Imagine an African watering hole – the kind you see in a National Geographic special or a travelogue video. The dark water is hit by the hot African sun and reflects the light up in a million sparkling fragments. Magnificent creatures of all shapes and sizes visit it night and day to quench their thirst or cool themselves in its refreshing water. It’s a beautiful, even awe-inspiring scene, and one that tourists travel thousands of miles to see on their African safaris.
Lake Malawi, also known as Lake Nyasa, is one of these idyllic bodies of water. In fact, it’s the ninth-largest lake in the world and the third-largest lake in Africa – yet the people who live in Malawi remain in a water crisis. How is that possible?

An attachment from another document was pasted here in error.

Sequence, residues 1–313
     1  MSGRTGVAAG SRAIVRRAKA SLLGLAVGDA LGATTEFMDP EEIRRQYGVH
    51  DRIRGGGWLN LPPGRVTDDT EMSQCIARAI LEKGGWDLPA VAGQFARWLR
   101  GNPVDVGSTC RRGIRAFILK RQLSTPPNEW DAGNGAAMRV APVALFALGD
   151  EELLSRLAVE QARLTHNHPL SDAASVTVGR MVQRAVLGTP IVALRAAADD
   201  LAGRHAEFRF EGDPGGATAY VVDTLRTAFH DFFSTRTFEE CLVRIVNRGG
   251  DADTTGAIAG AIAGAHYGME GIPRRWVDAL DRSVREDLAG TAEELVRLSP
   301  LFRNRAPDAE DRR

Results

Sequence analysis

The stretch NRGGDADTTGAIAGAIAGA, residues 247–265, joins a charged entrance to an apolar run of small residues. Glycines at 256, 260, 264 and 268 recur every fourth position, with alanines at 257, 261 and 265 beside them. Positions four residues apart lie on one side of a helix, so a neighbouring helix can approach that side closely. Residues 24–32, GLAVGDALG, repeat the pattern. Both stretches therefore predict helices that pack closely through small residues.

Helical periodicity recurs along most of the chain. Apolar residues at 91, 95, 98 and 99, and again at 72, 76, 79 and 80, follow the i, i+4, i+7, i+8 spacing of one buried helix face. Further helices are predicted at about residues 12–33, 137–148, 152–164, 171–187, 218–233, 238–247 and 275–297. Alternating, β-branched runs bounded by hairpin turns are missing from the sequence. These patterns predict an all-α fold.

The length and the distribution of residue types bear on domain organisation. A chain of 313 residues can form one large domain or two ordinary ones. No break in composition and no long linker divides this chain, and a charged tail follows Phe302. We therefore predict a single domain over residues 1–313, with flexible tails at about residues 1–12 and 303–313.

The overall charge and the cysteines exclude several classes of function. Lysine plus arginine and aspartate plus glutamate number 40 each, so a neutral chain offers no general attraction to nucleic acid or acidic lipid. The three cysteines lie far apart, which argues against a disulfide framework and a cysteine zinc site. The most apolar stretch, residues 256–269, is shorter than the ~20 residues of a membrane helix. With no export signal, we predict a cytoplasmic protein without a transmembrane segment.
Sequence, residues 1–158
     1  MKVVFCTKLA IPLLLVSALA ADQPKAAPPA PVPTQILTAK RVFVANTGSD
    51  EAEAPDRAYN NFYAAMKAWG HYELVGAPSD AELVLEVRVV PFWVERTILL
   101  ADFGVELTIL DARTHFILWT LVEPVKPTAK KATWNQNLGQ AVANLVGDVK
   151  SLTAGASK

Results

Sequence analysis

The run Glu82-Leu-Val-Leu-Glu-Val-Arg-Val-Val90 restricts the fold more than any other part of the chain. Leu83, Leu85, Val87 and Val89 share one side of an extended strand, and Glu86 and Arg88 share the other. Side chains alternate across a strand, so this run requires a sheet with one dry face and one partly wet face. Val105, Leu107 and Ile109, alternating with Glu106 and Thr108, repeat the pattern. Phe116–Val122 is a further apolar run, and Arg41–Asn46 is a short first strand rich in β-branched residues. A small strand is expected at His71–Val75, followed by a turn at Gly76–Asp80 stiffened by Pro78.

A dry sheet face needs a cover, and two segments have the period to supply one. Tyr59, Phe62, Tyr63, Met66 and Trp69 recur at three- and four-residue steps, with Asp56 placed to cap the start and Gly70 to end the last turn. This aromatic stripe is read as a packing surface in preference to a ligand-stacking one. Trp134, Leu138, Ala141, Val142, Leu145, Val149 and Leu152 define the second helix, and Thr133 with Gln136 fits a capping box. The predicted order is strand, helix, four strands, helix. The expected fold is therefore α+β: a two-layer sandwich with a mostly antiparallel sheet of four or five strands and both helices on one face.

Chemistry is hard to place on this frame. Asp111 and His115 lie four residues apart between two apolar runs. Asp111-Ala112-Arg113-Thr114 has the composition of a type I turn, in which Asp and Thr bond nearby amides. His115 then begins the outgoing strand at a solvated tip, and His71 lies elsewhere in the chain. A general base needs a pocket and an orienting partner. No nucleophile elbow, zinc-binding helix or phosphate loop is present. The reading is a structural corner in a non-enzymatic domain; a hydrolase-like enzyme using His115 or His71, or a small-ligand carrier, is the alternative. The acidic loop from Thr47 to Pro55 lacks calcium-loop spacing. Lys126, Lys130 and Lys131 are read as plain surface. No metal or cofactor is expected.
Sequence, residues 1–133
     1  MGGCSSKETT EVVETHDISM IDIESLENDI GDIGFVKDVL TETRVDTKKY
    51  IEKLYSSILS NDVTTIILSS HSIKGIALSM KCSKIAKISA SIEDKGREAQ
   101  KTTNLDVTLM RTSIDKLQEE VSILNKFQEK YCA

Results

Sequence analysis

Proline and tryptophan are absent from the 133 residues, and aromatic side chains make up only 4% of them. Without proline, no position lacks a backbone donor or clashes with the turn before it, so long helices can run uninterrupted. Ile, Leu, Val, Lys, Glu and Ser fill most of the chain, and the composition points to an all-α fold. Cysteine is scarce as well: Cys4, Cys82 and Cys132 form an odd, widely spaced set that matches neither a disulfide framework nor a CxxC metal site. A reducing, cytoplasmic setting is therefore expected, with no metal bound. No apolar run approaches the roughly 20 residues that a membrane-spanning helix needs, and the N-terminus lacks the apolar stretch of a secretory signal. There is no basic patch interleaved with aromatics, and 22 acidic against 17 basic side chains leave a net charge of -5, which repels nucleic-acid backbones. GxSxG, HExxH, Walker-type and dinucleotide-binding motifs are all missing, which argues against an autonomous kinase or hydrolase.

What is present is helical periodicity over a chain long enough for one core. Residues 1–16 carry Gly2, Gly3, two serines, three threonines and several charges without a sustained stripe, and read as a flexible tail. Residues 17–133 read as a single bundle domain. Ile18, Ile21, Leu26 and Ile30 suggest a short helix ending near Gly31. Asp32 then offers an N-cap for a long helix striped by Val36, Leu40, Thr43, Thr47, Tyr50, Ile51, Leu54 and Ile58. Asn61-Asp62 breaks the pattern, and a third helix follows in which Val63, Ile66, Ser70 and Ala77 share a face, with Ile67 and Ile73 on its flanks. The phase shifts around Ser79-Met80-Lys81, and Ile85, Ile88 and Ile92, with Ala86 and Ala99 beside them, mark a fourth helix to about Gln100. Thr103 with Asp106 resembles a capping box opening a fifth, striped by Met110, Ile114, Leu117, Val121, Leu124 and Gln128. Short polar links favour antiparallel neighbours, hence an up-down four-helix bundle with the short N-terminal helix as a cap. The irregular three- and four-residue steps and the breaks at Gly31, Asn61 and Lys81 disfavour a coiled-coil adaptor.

To find that answer, you must learn more about the complexity of life in Malawi. It is a densely populated African country with over 17 million people living in just over 45 thousand square miles. Its people have their fair share of struggles, including a low life expectancy, high infant mortality and HIV/AIDS. Because of these issues, more than 50 percent of Malawi’s population is under the age of 18, and many children are orphans or otherwise vulnerable. All of this is compounded by the reality that many of them do not have access to safe water.
Throughout the world, there are more than 785 million people without water services and a total of 884 million people who do not have clean water to drink. In Malawi, as many as 4 million people do not have access to clean water.